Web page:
Parsing the Record Sales of Pitchfork's Top 10 Albums of the Year
Matthew Perpetua posts the numbers behind one of the more visible/influential year-end lists out--so what do they mean? Well, for one thing, the once and future Brooklyn triumvirate of Animal Collective, Grizzly Bear, and Dirty Projectors really sold records. About 300K of them, to be exact--which is small number by traditional industry standards but in 2009, still pretty impressive. (For comparison, Perpetua prints some other sales figures. Pearl Jam's Backspacer, at 394K, isn't even 100K up on that.)
For another, Pitchfork--that great indie obscurantist punchline--didn't have a single album under 19K in sales on their top 10. 19K isn't much, but it's not exactly the underground stereotype, either--that's an awful lot of people, even before you even start talking about the heavy illegal download biases that attach themselves to bands like Girls when it comes to counting sales. (Take Real Estate as your counter-example, as far as what an actual "underground" type band might look like in 2009: their LP, which admittedly just came out, has sold all of 3,400 copies so far.)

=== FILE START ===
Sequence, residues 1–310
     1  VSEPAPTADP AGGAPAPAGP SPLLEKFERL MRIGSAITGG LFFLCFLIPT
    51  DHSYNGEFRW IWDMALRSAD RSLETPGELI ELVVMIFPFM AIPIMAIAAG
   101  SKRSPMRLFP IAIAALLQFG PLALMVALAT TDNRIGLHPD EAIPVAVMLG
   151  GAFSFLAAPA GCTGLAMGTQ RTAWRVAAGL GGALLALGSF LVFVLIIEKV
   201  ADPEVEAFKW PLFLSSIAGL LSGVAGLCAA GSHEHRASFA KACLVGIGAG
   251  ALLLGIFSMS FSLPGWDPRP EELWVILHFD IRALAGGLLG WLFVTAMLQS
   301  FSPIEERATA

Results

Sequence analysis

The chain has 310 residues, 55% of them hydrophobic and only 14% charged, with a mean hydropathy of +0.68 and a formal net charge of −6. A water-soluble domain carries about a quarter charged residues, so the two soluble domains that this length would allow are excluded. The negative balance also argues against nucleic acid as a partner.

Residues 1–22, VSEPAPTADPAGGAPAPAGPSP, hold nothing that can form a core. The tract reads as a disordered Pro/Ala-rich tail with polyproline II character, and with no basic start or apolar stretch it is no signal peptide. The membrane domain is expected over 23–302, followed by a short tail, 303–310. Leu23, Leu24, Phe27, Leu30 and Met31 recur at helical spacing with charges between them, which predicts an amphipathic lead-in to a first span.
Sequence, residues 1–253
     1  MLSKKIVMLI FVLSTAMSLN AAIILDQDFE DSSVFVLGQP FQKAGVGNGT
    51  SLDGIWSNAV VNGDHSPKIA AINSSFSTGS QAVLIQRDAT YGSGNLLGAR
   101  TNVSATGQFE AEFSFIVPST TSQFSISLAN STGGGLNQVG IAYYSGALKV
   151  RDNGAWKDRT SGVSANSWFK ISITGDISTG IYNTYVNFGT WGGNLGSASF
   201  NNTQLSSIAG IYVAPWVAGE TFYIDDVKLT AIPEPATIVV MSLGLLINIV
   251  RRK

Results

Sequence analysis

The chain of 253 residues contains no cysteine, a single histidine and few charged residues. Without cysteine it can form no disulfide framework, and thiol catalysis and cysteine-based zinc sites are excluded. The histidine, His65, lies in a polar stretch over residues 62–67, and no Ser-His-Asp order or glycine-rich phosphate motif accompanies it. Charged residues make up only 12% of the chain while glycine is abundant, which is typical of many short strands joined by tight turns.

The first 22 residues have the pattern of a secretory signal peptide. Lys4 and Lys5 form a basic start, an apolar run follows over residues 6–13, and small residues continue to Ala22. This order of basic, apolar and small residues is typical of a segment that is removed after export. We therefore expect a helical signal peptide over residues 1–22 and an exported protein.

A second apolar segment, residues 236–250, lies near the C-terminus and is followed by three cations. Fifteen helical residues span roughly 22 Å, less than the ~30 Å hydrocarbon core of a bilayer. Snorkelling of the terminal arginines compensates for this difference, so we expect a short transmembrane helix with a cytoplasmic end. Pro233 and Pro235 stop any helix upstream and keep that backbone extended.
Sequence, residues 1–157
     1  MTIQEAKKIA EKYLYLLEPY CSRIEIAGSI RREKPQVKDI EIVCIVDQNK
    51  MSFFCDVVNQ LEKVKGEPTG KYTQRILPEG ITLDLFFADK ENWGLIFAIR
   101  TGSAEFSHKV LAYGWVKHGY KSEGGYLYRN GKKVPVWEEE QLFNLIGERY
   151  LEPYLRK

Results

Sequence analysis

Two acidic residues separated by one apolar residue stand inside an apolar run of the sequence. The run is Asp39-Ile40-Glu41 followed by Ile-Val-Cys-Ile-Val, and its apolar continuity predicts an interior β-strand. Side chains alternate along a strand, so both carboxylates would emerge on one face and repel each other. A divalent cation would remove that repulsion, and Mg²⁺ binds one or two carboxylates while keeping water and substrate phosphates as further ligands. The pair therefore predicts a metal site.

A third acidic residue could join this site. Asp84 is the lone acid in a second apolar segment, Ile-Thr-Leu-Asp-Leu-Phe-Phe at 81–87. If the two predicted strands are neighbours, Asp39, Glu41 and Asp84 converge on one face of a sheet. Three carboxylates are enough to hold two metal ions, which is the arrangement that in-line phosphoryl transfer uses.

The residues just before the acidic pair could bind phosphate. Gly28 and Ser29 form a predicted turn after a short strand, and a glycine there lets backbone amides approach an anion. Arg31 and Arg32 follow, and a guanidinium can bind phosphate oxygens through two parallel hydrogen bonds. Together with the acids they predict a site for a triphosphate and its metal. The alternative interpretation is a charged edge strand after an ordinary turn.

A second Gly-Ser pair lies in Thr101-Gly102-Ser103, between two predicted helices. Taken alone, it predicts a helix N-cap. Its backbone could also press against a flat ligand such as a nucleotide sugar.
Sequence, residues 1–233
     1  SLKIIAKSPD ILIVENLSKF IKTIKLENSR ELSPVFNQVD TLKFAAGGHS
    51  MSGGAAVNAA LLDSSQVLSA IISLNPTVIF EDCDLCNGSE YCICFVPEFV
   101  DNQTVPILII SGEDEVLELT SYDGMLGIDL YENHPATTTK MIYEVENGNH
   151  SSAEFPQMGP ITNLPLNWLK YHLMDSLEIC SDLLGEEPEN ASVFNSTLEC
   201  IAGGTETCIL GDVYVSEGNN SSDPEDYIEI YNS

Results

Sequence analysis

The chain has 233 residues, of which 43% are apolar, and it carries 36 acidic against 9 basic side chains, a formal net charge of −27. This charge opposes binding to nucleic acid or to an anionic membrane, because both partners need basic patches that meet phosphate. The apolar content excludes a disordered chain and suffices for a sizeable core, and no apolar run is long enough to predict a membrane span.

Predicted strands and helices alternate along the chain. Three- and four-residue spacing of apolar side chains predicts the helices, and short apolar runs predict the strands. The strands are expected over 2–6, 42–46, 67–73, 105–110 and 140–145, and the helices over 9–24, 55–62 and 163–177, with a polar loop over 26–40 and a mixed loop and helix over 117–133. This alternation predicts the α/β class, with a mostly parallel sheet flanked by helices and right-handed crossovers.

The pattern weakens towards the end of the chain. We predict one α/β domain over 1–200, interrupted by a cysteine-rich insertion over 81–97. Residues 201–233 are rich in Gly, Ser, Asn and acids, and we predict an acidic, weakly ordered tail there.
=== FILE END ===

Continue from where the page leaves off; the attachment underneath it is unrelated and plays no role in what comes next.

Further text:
Third, not that this is news at this late date, but in a crippled industry the field is wide open. Bon Iver, Pitchfork's #26 record of the year, sold 89K copies. On the indie label Jagjaguwar, no less. That's better than all kinds of releases from bands with major label promotional budgets behind them, from Clipse to the Flaming Lips. A tentative conclusion? In this climate, Pitchfork's purview is as commercially viable as pretty any other, give or take a U2 or Taylor Swift. Of course, cooler, smarter, more savvy heads (Maura, ahem) may disagree.
Pitchfork Top 10 Albums, In US Sales [Fluxtumblr]